In the spring of 2013, then Chairman Camp released his original draft tax reform bill known as the “Tax Reform Act of 2013,” which included many provisions such as the accrual accounting requirements contained in Section 212 of the legislation. The ABA Board of Governors subsequently adopted a Resolution in November 2013 opposing Section 212 of the original Camp draft bill and any other similar measures that would require law firms and other personal service businesses to switch from the cash method of accounting to the accrual method. Draft tax reform legislation was also prepared by then Senate Finance Committee Chairman Baucus in 2013, including similar mandatory accrual accounting language contained in Section 51 of that measure.
On January 13, 2014, the ABA sent a letter to the House Ways & Means Committee and a separate letter to the Senate Finance Committee opposing the accrual accounting provisions in the respective draft bills and urging the Committees to remove these provisions from the legislation. The ABA also sent a Legislative Action Alert to state and local bar leaders on January 31, 2014 urging them to adopt their own resolutions opposing the legislation and to send letters to their Members of Congress. Numerous state and local bars subsequently adopted resolutions or sent letters to their congressional delegations opposing the legislation. The ABA also sent letters to hundreds of law firm managing partners requesting their firms’ assistance in defeating the harmful legislation.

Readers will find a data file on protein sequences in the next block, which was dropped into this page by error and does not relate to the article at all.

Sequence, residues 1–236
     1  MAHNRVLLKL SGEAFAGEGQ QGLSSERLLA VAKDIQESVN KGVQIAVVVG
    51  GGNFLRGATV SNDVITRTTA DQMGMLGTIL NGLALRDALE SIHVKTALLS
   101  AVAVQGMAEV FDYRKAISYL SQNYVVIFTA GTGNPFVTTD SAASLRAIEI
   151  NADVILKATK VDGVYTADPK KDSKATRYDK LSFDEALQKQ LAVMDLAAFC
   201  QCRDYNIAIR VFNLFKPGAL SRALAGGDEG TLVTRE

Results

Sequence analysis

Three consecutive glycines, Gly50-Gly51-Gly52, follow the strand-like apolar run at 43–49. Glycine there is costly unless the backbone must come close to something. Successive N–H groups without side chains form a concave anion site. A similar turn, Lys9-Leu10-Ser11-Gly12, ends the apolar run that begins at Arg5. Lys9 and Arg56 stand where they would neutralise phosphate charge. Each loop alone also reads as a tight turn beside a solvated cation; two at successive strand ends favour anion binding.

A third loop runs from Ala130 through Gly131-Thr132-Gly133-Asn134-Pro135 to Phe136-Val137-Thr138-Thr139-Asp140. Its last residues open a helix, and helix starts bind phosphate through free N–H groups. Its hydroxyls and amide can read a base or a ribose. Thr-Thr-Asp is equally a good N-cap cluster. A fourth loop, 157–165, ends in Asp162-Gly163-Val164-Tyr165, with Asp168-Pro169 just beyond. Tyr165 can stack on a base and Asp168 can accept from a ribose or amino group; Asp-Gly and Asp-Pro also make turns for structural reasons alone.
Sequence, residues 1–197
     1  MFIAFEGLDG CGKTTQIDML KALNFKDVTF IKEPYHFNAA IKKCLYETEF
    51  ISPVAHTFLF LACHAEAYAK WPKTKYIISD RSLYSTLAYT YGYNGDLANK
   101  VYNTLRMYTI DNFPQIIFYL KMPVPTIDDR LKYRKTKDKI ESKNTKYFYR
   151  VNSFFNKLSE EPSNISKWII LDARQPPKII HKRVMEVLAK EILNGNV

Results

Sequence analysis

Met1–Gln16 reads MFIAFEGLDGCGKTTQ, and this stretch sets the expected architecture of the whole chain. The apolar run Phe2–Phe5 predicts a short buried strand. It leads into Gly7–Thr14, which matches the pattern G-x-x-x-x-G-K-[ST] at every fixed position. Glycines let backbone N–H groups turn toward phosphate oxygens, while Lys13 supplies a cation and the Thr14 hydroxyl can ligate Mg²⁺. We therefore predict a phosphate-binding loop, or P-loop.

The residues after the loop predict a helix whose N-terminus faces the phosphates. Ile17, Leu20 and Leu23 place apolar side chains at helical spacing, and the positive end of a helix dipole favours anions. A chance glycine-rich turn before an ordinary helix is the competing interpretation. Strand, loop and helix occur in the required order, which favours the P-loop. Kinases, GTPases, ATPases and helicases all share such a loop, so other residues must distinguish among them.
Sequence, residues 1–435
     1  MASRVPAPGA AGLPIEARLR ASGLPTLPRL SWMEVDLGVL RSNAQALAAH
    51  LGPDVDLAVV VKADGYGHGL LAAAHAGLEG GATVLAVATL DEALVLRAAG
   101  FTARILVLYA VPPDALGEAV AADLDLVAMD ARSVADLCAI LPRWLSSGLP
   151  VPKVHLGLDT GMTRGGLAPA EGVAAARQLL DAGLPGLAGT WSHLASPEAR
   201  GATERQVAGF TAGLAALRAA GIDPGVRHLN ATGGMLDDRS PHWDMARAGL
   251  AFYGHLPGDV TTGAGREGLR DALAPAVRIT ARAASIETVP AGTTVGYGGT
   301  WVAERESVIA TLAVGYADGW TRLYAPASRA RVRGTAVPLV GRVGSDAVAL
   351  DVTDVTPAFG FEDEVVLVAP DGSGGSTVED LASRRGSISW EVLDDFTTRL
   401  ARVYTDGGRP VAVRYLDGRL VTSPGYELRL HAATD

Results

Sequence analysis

In addition to the concerns raised by the ABA, state and local bars, and various other associations and entities, many Members of Congress from both parties have voiced objections to the legislation. On November 25, 2013, 71 Representatives sent a letter to leaders of the House Ways and Means Committee expressing concerns over the accrual accounting provisions in the original draft House bill. Subsequently, 46 Senators sent a letter to the Senate Finance Committee leadership on August 6, 2014 supporting cash accounting and opposing mandatory accrual accounting legislation, and 233 Representatives (a majority) sent a similar letter to the House leadership on September 11, 2014. In addition, the House Small Business Subcommittee on Economic Growth, Tax and Capital Access held a hearing on July 10, 2014 on the benefits of cash accounting for small business, and the ABA submitted a written statement in support of preserving cash accounting for law firms and other personal service businesses.